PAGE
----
As lockdown powers through to keep us safe, the mind is free to wander; either to the neighbouring State to see a loved one, or to a faraway destination that has long been lingering on your travel bucket list. One of the vehicles for this new breed of wanderlust is podcasts, in that we can mentally shut out our yet-to-be-completed household chores for just a few minutes and be as present as we can possibly be.
We can expect high production value across these podcasts, but there are moments where audio can be affected by the environment which we consider the occupational hazards of being a traveller with a mobile office — adding a little ASMR to our own listening experience.
While we are well aware there is a world of travel podcasts out there, here is a selection of five, each catering to various trip-taking personas out there.
Fall back in love with India
The mosaical experience from The Musafir Stories – India Travel Podcast looks at the travelstances of India. The speciality is that it details the stories of travellers of varying experiences, from rookie to expeditioner.
Quirky episodes include ‘The Power Plant Trail with Girish’ which is worth tuning in for its approach to clean-tech. Girish Shivakumar narrates the trail from the Neyveli Lignite mining and power generation plant in Tamil Nadu to Mapro of Mahabaleshwar to Charanka solar power plant in Gujarat. It reminds listeners that travel can have a conscious purpose too, for which many, after lockdown, will bat. Other episodes explore the caves of Meghalaya, the ghost town of Dhanushkodi, and the greenery of Dalhousie — places we do not get to hear about often.
Get real, on a budget
Ideal for the budget-minded traveller, Jackie Nourse’s podcast, JUMP With Traveling Jackie, kicked off in the year 2014. From finding the best deals for inexpensive flights and tips on biking through Europe to how people can pack light for a long trip, this is a fun one to listen to.
‘Long-Distance Running As A Way To Travel’ offers a new way to look at adventuring while staying fit. Nourse, in her 92nd episode, speaks to South African Mike Sewell, who embarked on a running expedition, running the length of the Carretera Austral. The episode offers tips on how to prepare your own running expedition… for when it is safe to go out, that is.
Nourse is not afraid to venture into emotional topics, as she does in her 98th episode ‘The Hardest Part of Travel is Returning Home…’ where she speaks with a family of five who had sold their house and decided to travel around the world for a year. The interview delves deep and addresses how one can keep the travel spirit alive after a huge adventurous trip has passed.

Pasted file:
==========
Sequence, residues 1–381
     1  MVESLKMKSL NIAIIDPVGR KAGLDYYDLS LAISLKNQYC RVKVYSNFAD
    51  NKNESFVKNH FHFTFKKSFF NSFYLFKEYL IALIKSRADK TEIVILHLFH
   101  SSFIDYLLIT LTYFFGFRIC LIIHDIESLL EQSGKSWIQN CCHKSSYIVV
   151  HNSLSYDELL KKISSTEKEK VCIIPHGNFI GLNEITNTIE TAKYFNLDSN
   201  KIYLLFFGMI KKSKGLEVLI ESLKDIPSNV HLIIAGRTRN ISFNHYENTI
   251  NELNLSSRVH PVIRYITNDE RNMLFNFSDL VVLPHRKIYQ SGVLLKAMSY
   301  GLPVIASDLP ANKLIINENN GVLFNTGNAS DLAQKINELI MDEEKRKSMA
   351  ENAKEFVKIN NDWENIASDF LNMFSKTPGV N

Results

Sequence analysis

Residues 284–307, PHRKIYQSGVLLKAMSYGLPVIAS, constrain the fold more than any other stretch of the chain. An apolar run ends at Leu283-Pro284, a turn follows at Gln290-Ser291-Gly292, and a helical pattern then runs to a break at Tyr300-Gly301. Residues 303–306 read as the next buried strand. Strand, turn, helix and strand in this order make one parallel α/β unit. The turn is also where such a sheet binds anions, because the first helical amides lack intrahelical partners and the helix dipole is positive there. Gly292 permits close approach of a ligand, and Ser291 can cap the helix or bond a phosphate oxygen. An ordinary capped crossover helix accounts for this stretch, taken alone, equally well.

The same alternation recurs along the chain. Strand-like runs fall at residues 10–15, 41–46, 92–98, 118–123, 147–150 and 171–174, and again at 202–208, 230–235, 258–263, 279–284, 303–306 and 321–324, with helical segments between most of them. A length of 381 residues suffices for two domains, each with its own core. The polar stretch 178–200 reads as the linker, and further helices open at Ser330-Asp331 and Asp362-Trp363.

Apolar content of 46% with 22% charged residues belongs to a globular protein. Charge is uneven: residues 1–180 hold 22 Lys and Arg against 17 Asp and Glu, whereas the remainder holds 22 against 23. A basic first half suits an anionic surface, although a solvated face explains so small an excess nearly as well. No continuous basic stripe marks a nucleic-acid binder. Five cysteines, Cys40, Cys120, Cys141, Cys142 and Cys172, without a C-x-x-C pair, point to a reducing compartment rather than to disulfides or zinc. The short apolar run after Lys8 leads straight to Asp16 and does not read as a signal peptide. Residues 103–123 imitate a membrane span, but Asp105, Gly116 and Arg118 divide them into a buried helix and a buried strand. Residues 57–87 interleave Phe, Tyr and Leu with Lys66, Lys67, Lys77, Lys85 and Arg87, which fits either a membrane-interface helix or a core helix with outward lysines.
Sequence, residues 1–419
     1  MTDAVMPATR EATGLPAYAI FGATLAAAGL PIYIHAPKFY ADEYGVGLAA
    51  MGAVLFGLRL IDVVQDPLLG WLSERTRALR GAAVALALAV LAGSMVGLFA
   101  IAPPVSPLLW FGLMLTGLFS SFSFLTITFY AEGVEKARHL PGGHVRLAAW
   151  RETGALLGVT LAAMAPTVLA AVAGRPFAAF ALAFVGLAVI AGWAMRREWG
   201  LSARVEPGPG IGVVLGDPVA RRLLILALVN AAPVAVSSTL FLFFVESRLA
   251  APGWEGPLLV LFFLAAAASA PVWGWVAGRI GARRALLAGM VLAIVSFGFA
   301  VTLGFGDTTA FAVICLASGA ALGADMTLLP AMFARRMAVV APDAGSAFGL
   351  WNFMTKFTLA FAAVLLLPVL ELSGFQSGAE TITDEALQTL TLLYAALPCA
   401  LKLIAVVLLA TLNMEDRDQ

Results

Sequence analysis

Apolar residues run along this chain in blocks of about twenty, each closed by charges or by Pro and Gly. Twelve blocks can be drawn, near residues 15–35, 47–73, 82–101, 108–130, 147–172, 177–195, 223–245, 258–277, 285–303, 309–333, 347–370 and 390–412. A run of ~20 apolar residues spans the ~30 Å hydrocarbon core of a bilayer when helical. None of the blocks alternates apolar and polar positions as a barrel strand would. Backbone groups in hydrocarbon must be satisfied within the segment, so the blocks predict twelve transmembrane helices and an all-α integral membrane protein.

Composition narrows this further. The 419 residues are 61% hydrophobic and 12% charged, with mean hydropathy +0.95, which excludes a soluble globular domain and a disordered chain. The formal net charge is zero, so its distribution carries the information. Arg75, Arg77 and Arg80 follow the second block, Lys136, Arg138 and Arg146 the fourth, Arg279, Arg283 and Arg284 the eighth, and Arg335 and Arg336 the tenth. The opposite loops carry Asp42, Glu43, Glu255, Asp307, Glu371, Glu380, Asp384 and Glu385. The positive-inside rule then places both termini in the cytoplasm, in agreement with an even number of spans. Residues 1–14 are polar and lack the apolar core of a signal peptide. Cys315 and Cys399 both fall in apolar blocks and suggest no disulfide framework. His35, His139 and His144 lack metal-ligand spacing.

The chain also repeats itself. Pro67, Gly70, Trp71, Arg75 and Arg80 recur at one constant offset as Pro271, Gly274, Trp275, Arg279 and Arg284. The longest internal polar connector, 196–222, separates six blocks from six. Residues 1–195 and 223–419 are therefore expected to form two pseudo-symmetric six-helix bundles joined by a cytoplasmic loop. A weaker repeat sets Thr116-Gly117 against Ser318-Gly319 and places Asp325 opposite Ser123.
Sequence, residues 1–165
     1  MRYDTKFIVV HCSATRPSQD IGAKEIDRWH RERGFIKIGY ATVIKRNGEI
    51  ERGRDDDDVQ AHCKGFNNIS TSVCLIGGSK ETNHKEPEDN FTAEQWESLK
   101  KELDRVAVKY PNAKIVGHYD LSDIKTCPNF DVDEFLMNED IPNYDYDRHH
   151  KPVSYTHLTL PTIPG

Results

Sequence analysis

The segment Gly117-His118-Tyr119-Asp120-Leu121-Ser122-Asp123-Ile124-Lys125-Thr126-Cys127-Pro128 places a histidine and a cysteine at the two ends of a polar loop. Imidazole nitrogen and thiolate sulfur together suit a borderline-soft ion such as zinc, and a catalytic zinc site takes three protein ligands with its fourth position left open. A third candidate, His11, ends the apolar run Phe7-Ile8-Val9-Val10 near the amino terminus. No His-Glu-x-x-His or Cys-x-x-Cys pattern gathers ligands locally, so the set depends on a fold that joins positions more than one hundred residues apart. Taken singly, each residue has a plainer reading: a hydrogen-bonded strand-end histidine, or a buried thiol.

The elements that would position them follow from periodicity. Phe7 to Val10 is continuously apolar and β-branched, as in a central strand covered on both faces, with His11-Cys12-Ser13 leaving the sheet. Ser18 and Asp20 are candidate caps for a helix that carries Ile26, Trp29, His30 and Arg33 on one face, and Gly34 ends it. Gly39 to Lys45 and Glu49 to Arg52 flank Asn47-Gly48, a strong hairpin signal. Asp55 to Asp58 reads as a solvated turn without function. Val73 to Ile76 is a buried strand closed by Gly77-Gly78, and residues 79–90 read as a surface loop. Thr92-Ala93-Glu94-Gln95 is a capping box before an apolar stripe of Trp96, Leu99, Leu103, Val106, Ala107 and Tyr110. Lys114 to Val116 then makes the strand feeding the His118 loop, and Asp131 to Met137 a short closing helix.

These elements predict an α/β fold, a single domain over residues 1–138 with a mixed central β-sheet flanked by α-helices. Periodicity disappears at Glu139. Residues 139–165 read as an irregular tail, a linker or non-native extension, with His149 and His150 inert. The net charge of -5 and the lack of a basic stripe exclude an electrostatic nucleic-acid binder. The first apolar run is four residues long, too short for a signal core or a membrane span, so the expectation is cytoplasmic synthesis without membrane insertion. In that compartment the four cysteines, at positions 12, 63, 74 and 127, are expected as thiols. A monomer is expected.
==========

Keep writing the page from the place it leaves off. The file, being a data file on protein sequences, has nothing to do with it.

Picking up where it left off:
With our new normal being housebound or city-bound, look to this episode for nuggets of wisdom.
Not always perfect…
Probably the most relatable podcast on this list, Not So Bon Voyage (When Sh*t Goes Wrong On The Road) is a peek into a given traveller’s misadventures while they have taken a trip.
Be it car trouble or getting sucked out of a plane, this whole podcast hosted by Jules Hatfield and Christine Williams will have you either shocked or laughing out loud. Episode 22 sees someone getting mistaken for a murderer, while episode 13 is the story of a flight invaded by a … possum. And what travel horror story is complete without a number of digestion problems? Cue episode 10, please!
Not So Bon Voyage does not extend its narrative to bullying; its aim is to reveal that trips do go wrong and human error can happen on a fantasy trip, and that you can look back on your own similar mishaps with a laugh.
Bridge between cultures
Jason Moore’s Zero To Travel is more than six years into its being, offering tips and tricks to those who have never considered travel as an option. It also features interviews with other well-known travellers and hobbyists who have expert views on culture shifts and proactivity. Moore considers the podcast to be ideal for those who want to discover the world on their own terms as a form of enrichment.
Do not miss the following episodes: on the Viking Biking movement in Norway featuring a chat with founder Curtis Rojak, purely because we do miss getting in touch with Nature, on medical tourism which has an interview with Patients Beyond Borders CEO Joe Woodman, which would make for an enlightening listen during the ongoing global healthcare crisis. The podcast does not feature just interviews, but also debates such as ‘is technology ruining your travel experience?’ which reminds us of the beauty of going back to basics.
These episodes are quite lengthy — about an hour or so — so save these for when you really want to kick back, and switch your phone to ‘do not disturb’ for added escapism.
For intellectual heavyweights
For many, travel is fuel for the mind, a way to practically approach academia. Academy Travel’s The Thinking Traveller takes listeners on a deep dive through history and philosophy in the name of armchair travel. Host Jo Litson speaks with academic tour leaders around the globe about iconic places such as Pompeii, Venice and Siberia.
The most recent episode sees Dr Kathleen Olive detailing the history of Japanese gardens and how they have become an art form, as well as comparing them to western gardens. Those fascinated by Pompeii and its brutal history will find the episode ‘Pompeii – Uncovering The Truth’ the one for them.
Think twice before hitting the snooze button on this one… and do not worry, each episode is under 30 minutes. In fact, we picture Ross Geller bookmarking this one.
All the podcasts are available on Google Podcasts, Apple Podcasts and Spotify